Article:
Buying Running Shoes? Start Obsessing over Runrepeat

An innovative running shoe database aims to streamline the shopping process.

To say Jens Jakob Andersen is a shoe geek would be an understatement.

“I love running shoes. When I meet people, the first thing I check out is their shoes. I judge people based on their shoes, even though I know I shouldn’t.” Andersen laughs. “If I’m introduced to a friend’s friend and cannot see the person’s shoes, I will bend over, tighten my laces, or do anything needed to check out his or her shoes. I cannot get the full picture of a person without seeing their shoes.”

A former competitive cross-country runner turned statistics instructor, Andersen parlayed his love of running and shoes into a side gig by opening up his own run specialty shop. However, he soon became disillusioned by the sales process.

“I was bothered by how many brands are dictators who push only the most popular running shoes with the highest profit margins,” Andersen recalls. “I was also frustrated that my store did not give a full picture of the running shoe market. It was biased, as we—like most stores—cannot stock every brand and every model.”

It was also difficult for Andersen to give his customers purchasing advice, as most brands used the same generic, superlative-laden text to describe their shoes. Surely there was a better way to get individualized, unbiased advice on running shoes.

It was the combination of these experiences that led Andersen to develop RunRepeat, an online database of running shoes with a neutral, transparent and holistic approach. The database compiles 960 running shoes, 165,624 user reviews and 5193 expert reviews to assign each shoe a “Runscore” between 0 and 100.

“If you want an overview of what runners in general think, Google will give you answers across 100s of websites. At RunRepeat, we curate all that content for you,” Andersen explains. “For each shoe we spend 4-8 hours reading user and expert reviews, which we sum up in the good and the bad.”

To determine a shoe’s Runscore, the database utilizes both user contributions and expert reviews, with users’ opinions about a shoe weighting 67% and expert’s opinion weighting 33%. In addition to that, each expert review is categorized from level 1 to level 5, level 5 being a more experienced reviewer. The higher the level of expertise, the higher the weighting in the score of the overall expert rating.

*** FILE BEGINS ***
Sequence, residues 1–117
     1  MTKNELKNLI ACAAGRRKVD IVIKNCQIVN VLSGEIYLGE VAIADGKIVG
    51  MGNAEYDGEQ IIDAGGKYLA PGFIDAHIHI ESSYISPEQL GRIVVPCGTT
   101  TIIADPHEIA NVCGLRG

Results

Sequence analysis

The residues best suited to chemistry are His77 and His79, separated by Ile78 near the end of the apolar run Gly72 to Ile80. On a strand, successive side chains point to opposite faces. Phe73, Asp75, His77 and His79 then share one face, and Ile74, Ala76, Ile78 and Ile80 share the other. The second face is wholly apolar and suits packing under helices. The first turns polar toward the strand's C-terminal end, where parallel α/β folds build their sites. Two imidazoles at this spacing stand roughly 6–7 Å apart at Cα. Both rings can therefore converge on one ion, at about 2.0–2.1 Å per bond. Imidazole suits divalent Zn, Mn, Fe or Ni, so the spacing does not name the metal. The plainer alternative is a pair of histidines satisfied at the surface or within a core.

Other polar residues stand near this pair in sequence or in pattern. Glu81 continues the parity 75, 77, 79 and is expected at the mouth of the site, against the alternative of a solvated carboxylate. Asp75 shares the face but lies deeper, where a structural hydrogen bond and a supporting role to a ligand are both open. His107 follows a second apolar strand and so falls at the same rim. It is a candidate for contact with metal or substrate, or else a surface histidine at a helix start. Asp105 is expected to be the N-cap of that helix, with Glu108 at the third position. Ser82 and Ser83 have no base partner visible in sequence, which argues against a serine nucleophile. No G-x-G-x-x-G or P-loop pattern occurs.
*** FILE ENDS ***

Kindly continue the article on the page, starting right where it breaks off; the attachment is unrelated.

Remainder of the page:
This system allows users to bypass paid Google rankings by a shoe manufacturer or biased advice from a brand ambassador. One of the key RunRepeat elements Andersen takes pride in is a monitoring system that keeps brands from gaming the ranking system:

“People trust RunRepeat a lot when reading reviews or buying running shoes. It’s extremely important that no one is manipulating a product’s Runscore. Initially, we did actually experience that a few specific shoe brands had done well to manipulate the score. Their tactics varied. Since those two incidents, we’ve built a monitoring system to check for abuse.”

The site started as a free service for runners, a labor of love Andersen was willing to undertake. But after realizing how quickly he was blowing through his own savings, Andersen sought out ways to monetize the site without using advertisements from shoe manufacturers, which could imply impropriety or bias. Now, RunRepeat runs on commission from shoe sales through the site.

“We compile deals from more than 200 retailers to ensure you’re getting the best price,” says Andersen. “When you buy a pair, we get a small commission. It’s not much, but it does keep us floating.”

Since its launch in 2014, RunRepeat has grown from a one-man operation to a team of 15 employees. Their current focus is expanding their dataset with lab tests of shoes to determine criteria such as slip resistance, heel and forefoot cushioning, stiffness, stability, breathability and waterproofing.

“It’s a big investment, but also a big dream of mine. Buying running shoes should be backed by a combination of opinions and data, I think.”

There is a lot of work that goes into the RunRepeat database, Andersen admits, but also a lot of fun for a shoe geek like him.

“It might sound cliche, but the most rewarding part of this has been the journey. It’s absolutely amazing to receive emails on a daily basis from runners sharing how happy they are to use RunRepeat. We’re building something that does not exist elsewhere. It’s unique.”